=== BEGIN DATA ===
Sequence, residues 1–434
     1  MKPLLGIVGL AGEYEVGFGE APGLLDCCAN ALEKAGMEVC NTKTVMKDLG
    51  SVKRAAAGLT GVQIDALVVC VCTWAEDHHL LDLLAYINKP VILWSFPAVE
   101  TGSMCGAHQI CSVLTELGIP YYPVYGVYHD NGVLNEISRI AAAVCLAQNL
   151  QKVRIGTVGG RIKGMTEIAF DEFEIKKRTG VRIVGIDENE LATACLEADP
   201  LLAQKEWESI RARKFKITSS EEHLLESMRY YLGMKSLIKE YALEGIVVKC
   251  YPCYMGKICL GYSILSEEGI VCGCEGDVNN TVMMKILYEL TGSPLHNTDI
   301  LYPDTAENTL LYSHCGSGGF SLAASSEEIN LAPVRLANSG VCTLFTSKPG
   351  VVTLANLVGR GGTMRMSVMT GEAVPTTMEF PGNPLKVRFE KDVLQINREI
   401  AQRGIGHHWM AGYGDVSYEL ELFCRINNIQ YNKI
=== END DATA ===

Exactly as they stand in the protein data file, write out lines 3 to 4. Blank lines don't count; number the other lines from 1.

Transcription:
    51  SVKRAAAGLT GVQIDALVVC VCTWAEDHHL LDLLAYINKP VILWSFPAVE
   101  TGSMCGAHQI CSVLTELGIP YYPVYGVYHD NGVLNEISRI AAAVCLAQNL